George Lazenby is James Bond. This was an indisputable fact in 1968 when the young Australian model convinced producer Albert R. Broccoli to let him pick up the reins from Sean Connery. Whilst Lazenby is notorious for being the only actor to play 007 on just the one occasion, the film in which he starred, On Her Majesty’s Secret Service, is one of the finest instalments in the series to date. Yet despite this feat, he has become an object of mockery, a much maligned figure in Bond-lore. Has he been poorly treated?
George Lazenby’s audacious ascent to the role of Bond is the stuff of legend. The tale reads like one of Frank Abagnale Jr.’s ingenious cons from Catch Me If You Can. After seeing Dr. No in 1962, and despite having no acting background whatsoever, Lazenby became obsessed with becoming the next James Bond. With just a handful of commercial appearances under his belt, upon hearing the role was up for grabs, Lazenby snapped into action. He set about styling himself as a carbon copy of Sean Connery’s Bond. He acquired an unwanted suit, tailor-made for Connery, got his hair cut by the same barber, and even purchased the classic James Bond Rolex watch. He then sought an audience with Broccoli.
Having got the role of his dreams, things soon started to get tricky for Lazenby. A supposedly frosty relationship with the film’s director, Peter Hunt, and his co-star and onscreen love interest, Dianna Rigg, made filming far from straightforward for the novice actor. Rumours emerged that the producers quickly took a dim view of Lazenby’s attitude and began to get itchy feet. Despite this, Lazenby was offered the chance to continue in the role after OHMSS, but he turned it down, later claiming that he thought the Bond Franchise was a dying fad. Don’t go making any weather forecasts George.
Since then, the opinion that Lazenby was a shoddy actor has cemented in collective public opinion. However, whilst he is by no means the most convincing of those who have played the role, he has been unfairly treated. Remember, in 1969 Bond was by no means the established global franchise that it is today. Up until that point, audiences were used to watching just one actor play the iconic role. No matter the size of the acting chops, being the first person to take over the reins was always going to be a difficult ask. Herein lies another reason why posterity has been unkind to Lazenby. Although his audition invited the comparison willingly, Lazenby’s unfavourable contrast with Connery’s portrayal is often lazily held up as a reason for his unsuitability.
Indeed, a quick glance at some of the contemporary reviews of Lazenby’s performance paint a surprising picture. Far from lambasting his efforts, Variety declared that he was “pleasant, capable and attractive in role.” Admittedly, this falls short of glowing praise, but is a far cry from the level of derision which frequently pointed in his direction when debates occur around who is the definitive Bond.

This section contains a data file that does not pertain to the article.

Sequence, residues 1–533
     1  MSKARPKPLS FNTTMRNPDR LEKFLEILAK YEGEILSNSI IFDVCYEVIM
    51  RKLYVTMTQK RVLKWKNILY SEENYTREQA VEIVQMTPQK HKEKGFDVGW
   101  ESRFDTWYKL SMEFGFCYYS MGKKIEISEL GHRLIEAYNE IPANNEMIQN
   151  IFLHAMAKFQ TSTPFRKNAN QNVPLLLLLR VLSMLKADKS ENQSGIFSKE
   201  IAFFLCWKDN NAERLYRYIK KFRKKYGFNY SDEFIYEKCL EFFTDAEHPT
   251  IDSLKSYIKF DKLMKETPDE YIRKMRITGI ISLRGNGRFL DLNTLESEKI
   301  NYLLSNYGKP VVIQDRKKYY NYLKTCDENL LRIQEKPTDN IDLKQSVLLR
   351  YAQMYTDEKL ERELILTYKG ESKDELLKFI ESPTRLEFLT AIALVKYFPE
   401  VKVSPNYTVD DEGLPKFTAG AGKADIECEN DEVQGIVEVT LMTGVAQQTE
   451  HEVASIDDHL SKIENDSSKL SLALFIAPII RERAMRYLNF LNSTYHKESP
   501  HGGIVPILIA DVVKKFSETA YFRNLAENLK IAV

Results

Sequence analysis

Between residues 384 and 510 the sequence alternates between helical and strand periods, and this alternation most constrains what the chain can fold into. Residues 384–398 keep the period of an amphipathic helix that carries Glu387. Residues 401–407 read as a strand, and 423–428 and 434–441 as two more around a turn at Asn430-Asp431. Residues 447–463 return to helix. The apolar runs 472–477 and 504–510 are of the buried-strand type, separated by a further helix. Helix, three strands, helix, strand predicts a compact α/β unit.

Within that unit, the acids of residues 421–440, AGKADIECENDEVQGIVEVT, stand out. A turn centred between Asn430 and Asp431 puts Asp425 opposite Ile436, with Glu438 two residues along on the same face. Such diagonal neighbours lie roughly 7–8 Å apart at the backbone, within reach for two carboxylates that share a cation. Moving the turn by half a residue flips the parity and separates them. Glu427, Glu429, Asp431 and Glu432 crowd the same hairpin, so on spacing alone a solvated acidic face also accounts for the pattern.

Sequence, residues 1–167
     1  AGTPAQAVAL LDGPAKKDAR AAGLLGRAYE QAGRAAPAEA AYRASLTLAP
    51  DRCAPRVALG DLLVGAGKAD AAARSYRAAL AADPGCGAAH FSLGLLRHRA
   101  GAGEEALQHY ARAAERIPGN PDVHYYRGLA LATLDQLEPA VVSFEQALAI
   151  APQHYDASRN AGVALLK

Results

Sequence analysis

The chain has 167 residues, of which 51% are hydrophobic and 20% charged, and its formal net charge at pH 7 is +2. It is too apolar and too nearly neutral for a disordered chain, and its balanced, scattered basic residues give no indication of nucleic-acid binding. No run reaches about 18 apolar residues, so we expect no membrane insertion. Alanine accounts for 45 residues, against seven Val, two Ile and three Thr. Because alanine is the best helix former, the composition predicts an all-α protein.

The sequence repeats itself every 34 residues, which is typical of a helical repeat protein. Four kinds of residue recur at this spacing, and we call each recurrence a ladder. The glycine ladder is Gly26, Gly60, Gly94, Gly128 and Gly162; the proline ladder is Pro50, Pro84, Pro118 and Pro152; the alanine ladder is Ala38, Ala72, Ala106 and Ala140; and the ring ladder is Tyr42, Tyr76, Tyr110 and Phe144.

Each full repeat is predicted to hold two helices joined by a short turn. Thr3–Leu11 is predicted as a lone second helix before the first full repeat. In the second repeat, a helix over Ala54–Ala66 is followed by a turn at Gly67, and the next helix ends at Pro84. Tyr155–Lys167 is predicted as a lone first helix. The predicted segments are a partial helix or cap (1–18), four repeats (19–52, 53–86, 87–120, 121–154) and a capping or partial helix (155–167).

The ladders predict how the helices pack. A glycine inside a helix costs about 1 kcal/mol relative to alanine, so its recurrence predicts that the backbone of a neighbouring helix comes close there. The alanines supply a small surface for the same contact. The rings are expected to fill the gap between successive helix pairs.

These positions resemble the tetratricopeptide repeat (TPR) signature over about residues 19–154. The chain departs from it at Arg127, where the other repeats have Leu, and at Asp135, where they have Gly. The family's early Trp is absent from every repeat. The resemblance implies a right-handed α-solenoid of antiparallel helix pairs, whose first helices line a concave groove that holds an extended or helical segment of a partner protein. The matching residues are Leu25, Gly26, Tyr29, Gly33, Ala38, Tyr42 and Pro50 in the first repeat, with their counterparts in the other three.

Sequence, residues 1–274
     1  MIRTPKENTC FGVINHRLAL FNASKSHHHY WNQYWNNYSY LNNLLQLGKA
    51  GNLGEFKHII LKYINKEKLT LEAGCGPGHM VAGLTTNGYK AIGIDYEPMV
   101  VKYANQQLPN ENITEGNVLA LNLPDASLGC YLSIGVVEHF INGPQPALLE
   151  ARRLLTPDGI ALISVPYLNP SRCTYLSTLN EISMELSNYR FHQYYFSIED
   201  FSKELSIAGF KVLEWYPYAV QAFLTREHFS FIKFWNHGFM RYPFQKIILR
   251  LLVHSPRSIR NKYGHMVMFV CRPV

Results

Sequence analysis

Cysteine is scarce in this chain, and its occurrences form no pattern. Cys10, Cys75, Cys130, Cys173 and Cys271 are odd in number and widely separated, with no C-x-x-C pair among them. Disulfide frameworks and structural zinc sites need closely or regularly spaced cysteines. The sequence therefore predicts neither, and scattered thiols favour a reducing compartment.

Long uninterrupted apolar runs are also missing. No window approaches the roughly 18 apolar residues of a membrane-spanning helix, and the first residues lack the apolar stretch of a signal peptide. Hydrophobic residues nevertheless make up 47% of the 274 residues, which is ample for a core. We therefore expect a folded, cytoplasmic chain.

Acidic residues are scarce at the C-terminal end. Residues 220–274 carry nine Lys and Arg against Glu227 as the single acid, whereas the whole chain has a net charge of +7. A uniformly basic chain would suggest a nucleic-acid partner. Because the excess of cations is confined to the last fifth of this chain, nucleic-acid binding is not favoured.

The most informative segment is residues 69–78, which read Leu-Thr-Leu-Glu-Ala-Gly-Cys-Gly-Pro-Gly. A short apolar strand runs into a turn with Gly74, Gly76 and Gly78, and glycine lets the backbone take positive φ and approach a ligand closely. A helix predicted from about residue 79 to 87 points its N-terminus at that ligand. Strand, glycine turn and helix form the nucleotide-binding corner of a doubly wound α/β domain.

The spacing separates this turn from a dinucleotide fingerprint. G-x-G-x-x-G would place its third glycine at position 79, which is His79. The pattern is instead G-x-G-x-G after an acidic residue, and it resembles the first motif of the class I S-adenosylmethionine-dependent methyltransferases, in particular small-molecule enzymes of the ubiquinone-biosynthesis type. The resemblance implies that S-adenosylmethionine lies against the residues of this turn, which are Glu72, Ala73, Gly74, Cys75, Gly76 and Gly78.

Lazenby brought new and different aspects to the role of James Bond, contrasts which were only heightened when Connery returned for his last official outing in Diamonds Are Forever. Lazenby brought a physicality that lent itself very well to the fight sequences in On Her Majesty’s Secret Service. Indeed, during his screen test, Lazenby had to do a fight scene in which he inadvertently knocked his adversary out cold. Some of the film’s stunt sequences in general, in which Lazenby was heavily involved, are some of the most memorable of the series so far. The skiing chase midway through is particularly spectacular and unlike anything which had come before it.
But it wasn’t just death-defying stunts which made the film stand out. On Her Majesty’s Secret Service is, with the exception of 2006’s Casino Royale, the Bond film with the greatest emotional core. For all his flaws as an actor, Lazenby helps us care about the central relationship between Bond and Rigg’s character Tracy.
These elements, combined with a seminal John Barry score, a typically villainous Blofeld and some classic ’60s styling, have led many to proclaim On Her Majesty’s Secret Service as the most complete Bond film to date. To degrade George Lazenby’s contribution to this accolade is to misunderstand why fans are drawn to the franchise. Bond needn’t always be played by the finest actor of his generation. He is a product of whichever time he appears. Both Connery and Lazenby’s Bonds were cinematic expressions of ’60s British culture, in the same way that Daniel Craig’s interpretation is more complex to reflect a muddied age. Despite his limitations, George Lazenby does a stand-up job in his only performance as Bond and, in the final scene of the film, delivers one the few times in the entire franchise where Bond’s mask slips and we catch a glimpse of what lurks beneath.